We talked to a company sponsor here at sunhacks who are working on a remote control, autonomous, tractor controller for automated farming. They have a lot of functionality, however there are still drawbacks. The tractors still have to be driven by humans for a limited time and for various reasons, often resulting in a waste of weeks, even months. We thought we could circumvent this problem by using VR Telepresence.
What it does
Essentially, what our prototype does, is simulates an environment in which a driver can sit at home, in their virtual tractor, turn the steering wheel and manipulate other tractor controls. Thus far, the functionality that we were able to simulate in this 36 hour build is a camera with rotation and elevation capabilities, giving the driver a wide field of vision while operating the machine.
How we built it
We mainly developed the prototype in Unity, and used Arduino to make the camera rig. A logitech webcam was attached to two servos, arranged in such a way to offer 180 degrees of vertical and horizontal freedom. An HTC Vive was used to visualize the VR environment that was created in Unity. You can also export live data from the machine itself, directly to a database or csv file, then you may do as you please.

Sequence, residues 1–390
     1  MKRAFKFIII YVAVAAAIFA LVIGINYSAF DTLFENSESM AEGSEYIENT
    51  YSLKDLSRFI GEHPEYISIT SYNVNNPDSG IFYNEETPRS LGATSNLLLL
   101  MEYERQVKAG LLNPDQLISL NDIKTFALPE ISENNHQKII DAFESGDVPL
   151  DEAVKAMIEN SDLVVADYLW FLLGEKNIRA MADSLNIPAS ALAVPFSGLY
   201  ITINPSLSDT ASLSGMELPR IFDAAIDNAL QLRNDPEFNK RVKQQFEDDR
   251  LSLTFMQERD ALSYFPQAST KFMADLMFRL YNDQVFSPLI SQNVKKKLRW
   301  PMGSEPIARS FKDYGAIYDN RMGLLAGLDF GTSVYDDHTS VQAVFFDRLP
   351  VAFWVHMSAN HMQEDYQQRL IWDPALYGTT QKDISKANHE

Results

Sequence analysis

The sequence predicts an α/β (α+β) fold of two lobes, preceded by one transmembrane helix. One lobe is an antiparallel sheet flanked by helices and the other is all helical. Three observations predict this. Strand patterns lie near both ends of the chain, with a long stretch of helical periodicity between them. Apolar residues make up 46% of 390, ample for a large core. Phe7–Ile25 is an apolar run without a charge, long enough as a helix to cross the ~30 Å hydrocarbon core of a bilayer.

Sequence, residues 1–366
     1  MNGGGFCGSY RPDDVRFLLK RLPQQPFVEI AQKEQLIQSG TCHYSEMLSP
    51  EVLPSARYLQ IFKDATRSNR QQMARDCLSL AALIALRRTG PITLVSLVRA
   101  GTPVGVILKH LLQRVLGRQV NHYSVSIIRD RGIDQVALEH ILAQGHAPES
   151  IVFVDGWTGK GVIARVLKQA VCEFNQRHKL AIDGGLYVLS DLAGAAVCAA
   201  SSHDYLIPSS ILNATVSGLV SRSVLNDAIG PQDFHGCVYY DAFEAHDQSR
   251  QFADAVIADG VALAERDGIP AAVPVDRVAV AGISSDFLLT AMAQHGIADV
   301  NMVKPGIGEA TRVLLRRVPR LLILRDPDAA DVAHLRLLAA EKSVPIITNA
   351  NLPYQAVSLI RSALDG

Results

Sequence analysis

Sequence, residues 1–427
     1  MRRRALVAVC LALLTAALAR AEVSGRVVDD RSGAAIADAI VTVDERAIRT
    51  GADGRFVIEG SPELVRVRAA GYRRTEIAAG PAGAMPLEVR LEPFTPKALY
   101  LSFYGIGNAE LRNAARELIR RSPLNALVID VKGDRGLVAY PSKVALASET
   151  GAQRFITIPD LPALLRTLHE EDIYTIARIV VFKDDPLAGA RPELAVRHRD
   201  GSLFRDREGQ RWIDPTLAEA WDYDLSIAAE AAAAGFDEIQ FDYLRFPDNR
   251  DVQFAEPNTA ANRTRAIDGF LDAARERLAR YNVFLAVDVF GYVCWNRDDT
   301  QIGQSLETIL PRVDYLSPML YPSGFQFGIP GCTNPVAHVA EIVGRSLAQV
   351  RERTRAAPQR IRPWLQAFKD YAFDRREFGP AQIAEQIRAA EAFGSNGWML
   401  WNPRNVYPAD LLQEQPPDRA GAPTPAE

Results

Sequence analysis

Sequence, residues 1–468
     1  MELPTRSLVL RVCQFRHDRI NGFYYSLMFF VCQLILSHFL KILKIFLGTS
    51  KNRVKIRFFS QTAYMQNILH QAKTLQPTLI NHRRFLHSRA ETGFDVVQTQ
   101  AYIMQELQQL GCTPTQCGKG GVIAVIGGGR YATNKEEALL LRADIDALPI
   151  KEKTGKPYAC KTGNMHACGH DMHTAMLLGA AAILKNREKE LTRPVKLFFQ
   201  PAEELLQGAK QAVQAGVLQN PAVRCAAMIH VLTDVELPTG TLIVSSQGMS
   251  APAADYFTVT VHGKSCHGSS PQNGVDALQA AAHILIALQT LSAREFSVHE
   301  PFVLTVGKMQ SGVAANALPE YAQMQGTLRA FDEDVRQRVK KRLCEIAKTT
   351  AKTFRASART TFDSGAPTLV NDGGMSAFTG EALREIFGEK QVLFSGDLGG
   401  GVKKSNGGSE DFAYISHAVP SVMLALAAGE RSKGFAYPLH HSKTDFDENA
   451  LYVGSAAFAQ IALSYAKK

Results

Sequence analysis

Challenges we ran into
We had a copious amount of challenges to overcome during development. One of the most difficult ones was how do we port the camera feed through to the virtual environment in unity? We ended up using a texture in Unity, and fed a video feed directly from the webcam to Unity, which was possible because Unity could detect the USB device. Another challenge was trying to translate movements in VR to the servos in real life. The creative solution we came up with was to use something called serial output from Unity to Arduino, which we were able to use in the Arduino program to convert rotation angles. We also had trouble automatically adding data to our server without manually inputting it.
Accomplishments that we're proud of
We are proud that it worked. The camera rig moved according to the headset's rotational movement in space, and the camera feed was successfully fed through to the textures.
What we learned
We learned how to port video feed into unity, how to program a leap motion to recognize a fist from an open hand. We learned how to make servos in real life move according to movements in VR.
What's next for Smo0Th Operation
We are open to licensing our software out to automated agriculture companies, or we can work on R&D for said companies wishing to develop their own VR environments. For more information,contact firstname.lastname@example.org.